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Scientists find four new walking shark species near northern Australia and New Guinea

Chris Ciaccia, January 28, 2020 6:30PM Fox News

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Walking shark hemiscyllium galei. Picture: Mark Erdmann media_cameraWalking shark hemiscyllium galei. Picture: Mark Erdmann


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Scientists have discovered four new species of walking sharks near northern Australia and New Guinea.

And though that sounds scary, the small size of the sharks mean it’s only little fish and other marine creatures that should be afraid.

The newly discovered species brings the total number of known walking shark species to nine.

University of Queensland’s Christine Dudgeon, the study’s lead author, believes they may have evolved after getting separated from their original population.

“Data* suggests the new species evolved after the sharks moved away from their original population, became genetically* isolated in new areas and developed into new species,” Dr Dudgeon said.

“They may have moved by swimming or walking on their fins, but it’s also possible they ‘hitched’ a ride on reefs moving westward across the top of New Guinea, about two million years ago.”

New walking shark species discovered in reefs off Aussie coast

Despite their scary-sounding name, the ornately* patterned, 60cm-long walking sharks aren’t a threat to humans, Dr Dudgeon said.

They do “have a remarkable edge on their prey, small crustaceans and molluscs, due to their “ability to withstand low oxygen environments and walk on their fins,” she said.

The sharks are the top predator on reefs during low tides when they use their fins to walk in very shallow water.

“These unique features are not shared with their closest relatives the bamboo sharks or more distant relatives in the carpet shark order including wobbegongs and whale sharks,” explained Dr Dudgeon, who believes more walking sharks are yet to be discovered.

Hemiscyllium halmahera (credit: Mark Erdmann) media_cameraOne of the newly discovered species, Hemiscyllium halmahera. Picture: Mark Erdmann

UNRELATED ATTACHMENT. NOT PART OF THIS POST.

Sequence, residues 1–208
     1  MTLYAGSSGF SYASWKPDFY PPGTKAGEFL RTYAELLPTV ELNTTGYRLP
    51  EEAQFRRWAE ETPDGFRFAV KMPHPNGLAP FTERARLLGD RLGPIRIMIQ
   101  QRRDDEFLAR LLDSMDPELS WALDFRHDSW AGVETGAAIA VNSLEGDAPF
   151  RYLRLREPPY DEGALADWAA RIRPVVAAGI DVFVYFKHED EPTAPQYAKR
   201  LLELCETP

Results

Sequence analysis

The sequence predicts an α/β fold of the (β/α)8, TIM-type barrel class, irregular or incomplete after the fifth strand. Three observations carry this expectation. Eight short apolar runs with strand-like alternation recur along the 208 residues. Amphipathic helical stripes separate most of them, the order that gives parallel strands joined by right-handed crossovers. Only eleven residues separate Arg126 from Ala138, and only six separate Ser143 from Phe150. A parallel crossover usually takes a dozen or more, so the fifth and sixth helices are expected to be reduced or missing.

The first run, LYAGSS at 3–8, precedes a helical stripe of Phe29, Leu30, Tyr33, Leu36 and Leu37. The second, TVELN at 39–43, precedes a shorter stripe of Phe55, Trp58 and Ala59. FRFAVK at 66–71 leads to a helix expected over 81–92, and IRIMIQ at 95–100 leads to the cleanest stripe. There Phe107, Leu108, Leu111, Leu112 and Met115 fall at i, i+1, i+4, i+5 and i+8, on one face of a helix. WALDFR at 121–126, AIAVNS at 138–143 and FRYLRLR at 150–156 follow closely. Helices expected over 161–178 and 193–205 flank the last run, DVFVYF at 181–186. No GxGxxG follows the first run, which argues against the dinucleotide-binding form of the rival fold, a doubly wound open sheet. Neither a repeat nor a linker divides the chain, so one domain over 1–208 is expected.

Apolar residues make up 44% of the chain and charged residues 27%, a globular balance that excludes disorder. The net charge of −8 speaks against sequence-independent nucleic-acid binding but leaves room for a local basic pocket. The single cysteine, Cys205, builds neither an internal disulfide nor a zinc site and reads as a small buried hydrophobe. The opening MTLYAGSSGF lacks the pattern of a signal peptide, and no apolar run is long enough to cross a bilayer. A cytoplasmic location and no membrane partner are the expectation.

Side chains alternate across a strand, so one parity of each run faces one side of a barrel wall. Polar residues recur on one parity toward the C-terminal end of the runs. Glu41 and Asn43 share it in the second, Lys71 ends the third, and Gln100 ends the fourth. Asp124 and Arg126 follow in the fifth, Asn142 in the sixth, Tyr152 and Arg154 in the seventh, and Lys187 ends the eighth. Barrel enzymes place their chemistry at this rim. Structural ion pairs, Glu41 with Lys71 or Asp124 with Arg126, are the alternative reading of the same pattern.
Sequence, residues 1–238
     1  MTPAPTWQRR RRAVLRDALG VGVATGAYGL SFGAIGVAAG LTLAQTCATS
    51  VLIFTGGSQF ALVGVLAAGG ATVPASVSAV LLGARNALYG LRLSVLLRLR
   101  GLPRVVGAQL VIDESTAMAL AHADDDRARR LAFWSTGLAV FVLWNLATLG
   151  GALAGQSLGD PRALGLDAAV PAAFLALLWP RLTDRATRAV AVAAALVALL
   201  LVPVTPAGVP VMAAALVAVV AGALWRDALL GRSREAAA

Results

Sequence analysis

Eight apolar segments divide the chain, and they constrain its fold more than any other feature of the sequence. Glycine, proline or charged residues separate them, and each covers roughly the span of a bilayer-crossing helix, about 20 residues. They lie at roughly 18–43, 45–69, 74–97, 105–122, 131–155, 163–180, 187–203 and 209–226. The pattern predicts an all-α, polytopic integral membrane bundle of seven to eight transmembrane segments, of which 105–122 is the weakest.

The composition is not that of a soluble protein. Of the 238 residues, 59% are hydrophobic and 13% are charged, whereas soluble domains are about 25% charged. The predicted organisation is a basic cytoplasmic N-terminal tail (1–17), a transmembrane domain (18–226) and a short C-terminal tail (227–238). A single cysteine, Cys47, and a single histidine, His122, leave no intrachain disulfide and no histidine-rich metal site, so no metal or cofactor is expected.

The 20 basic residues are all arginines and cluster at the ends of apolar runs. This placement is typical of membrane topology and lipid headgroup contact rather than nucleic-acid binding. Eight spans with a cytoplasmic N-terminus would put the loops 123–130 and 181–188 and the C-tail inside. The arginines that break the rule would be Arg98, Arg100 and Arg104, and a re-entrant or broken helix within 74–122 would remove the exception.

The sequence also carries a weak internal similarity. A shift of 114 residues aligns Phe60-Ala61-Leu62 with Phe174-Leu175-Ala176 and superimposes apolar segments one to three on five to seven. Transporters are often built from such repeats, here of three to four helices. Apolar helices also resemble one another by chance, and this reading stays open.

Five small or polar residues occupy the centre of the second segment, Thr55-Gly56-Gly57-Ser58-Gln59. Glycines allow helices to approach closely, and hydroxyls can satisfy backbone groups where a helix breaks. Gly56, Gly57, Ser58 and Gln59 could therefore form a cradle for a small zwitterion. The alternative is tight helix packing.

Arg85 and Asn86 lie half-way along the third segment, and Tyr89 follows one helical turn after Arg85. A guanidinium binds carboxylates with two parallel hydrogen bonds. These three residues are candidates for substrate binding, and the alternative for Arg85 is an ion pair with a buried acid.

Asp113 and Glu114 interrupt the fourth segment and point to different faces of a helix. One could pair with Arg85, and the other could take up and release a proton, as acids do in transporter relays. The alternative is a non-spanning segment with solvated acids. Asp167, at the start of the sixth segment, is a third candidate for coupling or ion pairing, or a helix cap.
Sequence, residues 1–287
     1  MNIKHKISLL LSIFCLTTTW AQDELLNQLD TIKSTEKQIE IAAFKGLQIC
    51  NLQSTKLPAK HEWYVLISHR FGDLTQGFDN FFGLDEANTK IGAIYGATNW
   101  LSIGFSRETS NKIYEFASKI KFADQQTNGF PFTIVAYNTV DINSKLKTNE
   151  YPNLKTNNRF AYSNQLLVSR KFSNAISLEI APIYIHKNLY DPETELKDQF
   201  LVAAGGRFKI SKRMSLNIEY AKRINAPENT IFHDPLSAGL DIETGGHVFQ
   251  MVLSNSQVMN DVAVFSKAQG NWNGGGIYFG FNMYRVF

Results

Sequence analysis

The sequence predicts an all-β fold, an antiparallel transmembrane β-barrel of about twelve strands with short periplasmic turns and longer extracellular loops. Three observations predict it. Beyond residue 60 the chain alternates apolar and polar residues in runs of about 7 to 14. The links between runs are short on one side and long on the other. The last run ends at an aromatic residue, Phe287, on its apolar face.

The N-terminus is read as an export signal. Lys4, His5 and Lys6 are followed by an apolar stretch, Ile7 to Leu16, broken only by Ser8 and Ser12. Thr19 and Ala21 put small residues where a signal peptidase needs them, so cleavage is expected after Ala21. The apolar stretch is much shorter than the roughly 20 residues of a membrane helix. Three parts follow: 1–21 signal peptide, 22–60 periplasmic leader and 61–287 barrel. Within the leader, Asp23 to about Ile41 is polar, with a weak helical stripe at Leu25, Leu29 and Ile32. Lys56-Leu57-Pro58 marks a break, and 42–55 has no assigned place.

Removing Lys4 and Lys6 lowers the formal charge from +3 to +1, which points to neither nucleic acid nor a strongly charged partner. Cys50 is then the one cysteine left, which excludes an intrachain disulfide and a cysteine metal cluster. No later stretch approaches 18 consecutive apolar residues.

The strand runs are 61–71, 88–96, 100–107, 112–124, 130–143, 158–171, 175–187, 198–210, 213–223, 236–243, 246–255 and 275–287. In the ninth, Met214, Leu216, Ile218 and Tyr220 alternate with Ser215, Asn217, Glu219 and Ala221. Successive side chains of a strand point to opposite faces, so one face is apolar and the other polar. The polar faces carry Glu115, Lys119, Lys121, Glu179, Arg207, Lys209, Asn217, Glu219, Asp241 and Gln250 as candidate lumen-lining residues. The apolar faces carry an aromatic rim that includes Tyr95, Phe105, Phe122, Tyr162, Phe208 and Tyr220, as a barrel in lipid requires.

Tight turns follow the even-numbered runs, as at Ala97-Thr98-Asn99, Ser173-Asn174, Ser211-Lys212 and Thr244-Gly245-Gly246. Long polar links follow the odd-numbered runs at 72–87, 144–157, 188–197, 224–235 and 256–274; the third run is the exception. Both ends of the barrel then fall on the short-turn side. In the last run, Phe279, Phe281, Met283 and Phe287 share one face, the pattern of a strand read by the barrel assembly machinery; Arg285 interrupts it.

The 12-year study by Conservation International, the CSIRO, Florida Museum of Natural History, the Indonesian Institute of Sciences and Indonesian Ministry of Marine Affairs and Fisheries has been published in the CSIRO’s scientific journal Marine and Freshwater Research.


  • data: information
  • genetically: in a way that relates to origin or development
  • ornately: highly decorated


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  1. What do the scientists believe happened to bring about the evolution of these new species?
  2. How big are these sharks?
  3. What sort of environment do the sharks hunt in?
  4. What do the sharks hunt? How?
  5. Does Dr Dudgeon think there are more species of walking sharks?


1. Name the shark
After reading about these new species of walking sharks, use your knowledge gained from reading the article and by looking at the pictures and work with a partner to give these sharks more creative names. Write down your names and reasons for the names and read out to the class

Time: allow 10 minutes to complete this activity
Curriculum Links: English, Science, Critical and Creative thinking

2. Extension
In your own words, describe how a new species evolves.

Could this apply to other animals?

Time: allow 10 minutes to complete this activity
Curriculum Links: English, Science, Critical and creative thinking

With a partner see if you can identify all the doing words/verbs in this text. Highlight them in yellow and then make a list of them all down your page. Now see if you and your partner can come up with a synonym for the chosen verb. Make sure it still makes sense in the context it was taken from.

Try to replace some of the original verbs with your synonyms and discuss if any are better and why.

HAVE YOUR SAY: What new species — real or imaginary — would you like to discover? What would you call it?
No one-word answers. Use full sentences to explain your thinking. No comments will be published until approved by editors.

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